Hydron executives heard the message from fleets that have expressed interest in hydrogen fuel cells and highly autonomous vehicles. It’s why the emerging company plans to combine both offerings in a bid to design, produce, and sell a new lineup of trucks for the North American market.
Think of it as a belief that the whole will be better than the sum of its individual parts.
“Hydron was really born from some of the experiences we encountered in TuSimple,” says Toronto native and head of U.S. operations Jason Wallace. (Hydron founder and Canadian entrepreneur Mo Chen co-founded TuSimple, while Wallace led the autonomous truck venture’s marketing efforts.)
Time and again, potential customers highlighted the need for factory-produced designs rather than retrofit equipment, Wallace explains, suggesting that retrofit options leave fleets managing what could be described as an array of science experiments. “We realized one of the opportunities was on the hardware side.”
Two Class 8 prototypes, both day cabs, have now been produced and are undergoing track-based tests after 1-1/2 years of research and development.
Hydrogen is emerging as a “front runner” over battery-electric designs when it comes to delivering the energy needed for longhaul trucking, Wallace says. But the day cabs are still seen as a fit because Hydron is banking that Level 4 autonomous trucks will be allowed to run without drivers within a couple of years. That eliminates the need for a sleeper.
“It’s probably a lot closer than people think,” he says of the underlying Level 4 technology and regulations. “Regionally, within the state of Texas, they’re very open to autonomy.”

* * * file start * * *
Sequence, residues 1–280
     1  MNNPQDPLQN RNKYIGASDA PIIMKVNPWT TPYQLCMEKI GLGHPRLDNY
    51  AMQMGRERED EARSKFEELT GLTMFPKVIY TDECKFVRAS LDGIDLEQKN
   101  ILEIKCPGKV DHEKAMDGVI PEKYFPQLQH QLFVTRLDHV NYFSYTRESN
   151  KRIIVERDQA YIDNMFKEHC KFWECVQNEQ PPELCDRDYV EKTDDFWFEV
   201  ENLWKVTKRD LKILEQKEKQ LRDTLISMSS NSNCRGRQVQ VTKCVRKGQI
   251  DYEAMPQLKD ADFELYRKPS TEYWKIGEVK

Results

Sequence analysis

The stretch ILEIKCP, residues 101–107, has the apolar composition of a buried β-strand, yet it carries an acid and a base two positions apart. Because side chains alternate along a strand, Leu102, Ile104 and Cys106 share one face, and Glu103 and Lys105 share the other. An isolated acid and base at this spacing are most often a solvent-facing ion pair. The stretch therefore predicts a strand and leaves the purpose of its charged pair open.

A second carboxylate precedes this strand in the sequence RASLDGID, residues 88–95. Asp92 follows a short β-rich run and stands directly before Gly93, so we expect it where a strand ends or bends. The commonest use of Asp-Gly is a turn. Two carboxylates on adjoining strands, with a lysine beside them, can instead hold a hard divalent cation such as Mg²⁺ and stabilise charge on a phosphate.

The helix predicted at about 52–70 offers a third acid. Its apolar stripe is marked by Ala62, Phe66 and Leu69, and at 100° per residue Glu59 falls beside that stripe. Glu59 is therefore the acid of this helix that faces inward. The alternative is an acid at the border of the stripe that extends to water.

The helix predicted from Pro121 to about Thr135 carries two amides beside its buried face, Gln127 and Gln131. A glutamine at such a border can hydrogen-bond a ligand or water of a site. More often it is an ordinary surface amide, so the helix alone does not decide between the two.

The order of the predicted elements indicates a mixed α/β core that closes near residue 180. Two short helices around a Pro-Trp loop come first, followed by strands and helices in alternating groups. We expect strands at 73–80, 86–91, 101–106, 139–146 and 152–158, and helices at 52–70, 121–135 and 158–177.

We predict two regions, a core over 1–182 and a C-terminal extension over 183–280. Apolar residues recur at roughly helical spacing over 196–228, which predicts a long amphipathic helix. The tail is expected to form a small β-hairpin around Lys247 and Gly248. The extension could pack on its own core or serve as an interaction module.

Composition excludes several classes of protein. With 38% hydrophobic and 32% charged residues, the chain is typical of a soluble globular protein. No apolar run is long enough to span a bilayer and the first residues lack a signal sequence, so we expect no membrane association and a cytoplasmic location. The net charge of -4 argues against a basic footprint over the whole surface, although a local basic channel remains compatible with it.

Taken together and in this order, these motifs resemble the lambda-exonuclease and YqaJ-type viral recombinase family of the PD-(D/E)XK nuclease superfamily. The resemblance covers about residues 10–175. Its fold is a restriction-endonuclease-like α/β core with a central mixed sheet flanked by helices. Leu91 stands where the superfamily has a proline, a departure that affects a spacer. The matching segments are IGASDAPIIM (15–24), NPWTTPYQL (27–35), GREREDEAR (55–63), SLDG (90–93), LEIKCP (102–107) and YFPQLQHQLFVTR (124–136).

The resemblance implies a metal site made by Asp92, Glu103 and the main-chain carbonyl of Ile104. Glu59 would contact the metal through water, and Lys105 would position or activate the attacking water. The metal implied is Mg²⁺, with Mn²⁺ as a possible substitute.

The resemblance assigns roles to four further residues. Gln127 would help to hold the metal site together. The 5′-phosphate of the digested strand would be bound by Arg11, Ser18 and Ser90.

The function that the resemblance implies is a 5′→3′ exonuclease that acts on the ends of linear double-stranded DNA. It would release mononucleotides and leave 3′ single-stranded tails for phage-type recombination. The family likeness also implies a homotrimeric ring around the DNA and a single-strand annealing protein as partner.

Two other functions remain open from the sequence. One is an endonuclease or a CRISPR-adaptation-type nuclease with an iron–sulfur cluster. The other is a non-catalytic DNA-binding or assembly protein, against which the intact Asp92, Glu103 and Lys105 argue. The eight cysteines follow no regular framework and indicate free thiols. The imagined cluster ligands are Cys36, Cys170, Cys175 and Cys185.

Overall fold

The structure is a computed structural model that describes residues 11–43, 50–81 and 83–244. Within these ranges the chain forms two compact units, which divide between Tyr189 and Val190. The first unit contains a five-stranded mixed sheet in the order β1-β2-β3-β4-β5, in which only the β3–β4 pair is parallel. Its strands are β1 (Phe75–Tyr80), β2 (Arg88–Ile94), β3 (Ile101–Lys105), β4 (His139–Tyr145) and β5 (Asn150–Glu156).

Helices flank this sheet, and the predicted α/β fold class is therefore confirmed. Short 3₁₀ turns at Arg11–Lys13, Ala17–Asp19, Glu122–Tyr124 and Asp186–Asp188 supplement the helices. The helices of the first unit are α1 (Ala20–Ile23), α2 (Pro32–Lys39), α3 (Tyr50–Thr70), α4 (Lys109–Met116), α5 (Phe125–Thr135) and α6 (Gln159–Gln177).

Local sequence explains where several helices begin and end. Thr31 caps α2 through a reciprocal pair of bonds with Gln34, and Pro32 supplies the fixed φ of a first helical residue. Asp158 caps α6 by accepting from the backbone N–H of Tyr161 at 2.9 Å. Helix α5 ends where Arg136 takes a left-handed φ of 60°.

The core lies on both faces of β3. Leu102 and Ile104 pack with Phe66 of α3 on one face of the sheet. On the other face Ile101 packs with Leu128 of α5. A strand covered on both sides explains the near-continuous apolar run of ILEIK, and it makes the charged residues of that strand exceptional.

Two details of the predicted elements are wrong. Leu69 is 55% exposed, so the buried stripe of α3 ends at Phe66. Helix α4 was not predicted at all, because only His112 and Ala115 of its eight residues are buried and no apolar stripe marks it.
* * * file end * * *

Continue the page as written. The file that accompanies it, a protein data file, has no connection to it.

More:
Early efforts will likely focus on the “Texas triangle” connecting Dallas, Houston, and San Antonio, before turning to other major trade corridors across the U.S.
Hydron’s production timeline is equally aggressive, setting targets to build trucks at a yet-established production facility as early as the third quarter of 2024. “We have been speaking to a number of commercial fleets and also autonomous driving companies,” he adds. Further announcements are promised later this year.
Wallace won’t identify specific production partners, but stresses that there are many “well-resourced” Tier 1 manufacturers looking for opportunities to include components. “We see a strong pathway there.”
He doesn’t speak about cabs and drivelines when discussing the future trucks, either. Instead, Wallace refers to issues such as how many cameras or lidar and radar sensors they might need, where sensors should be placed, and the needs for computing power. “It’s really important that these things are stable and can handle the vibration and temperature.”
“We’re also excited about the possibility on the future roadmap of looking at liquid hydrogen,” he adds. “It’s more energy-dense.” The potential refueling times would be quicker as well.
While Hydron plans to encourage customers to use green hydrogen – produced through renewable energy – there will be room for the grey hydrogen produced from natural gas, too. “We don’t want to overstep and tell our customers where to source their hydrogen,” he says.
But the emerging manufacturer knows where it wants fleets to source such trucks.
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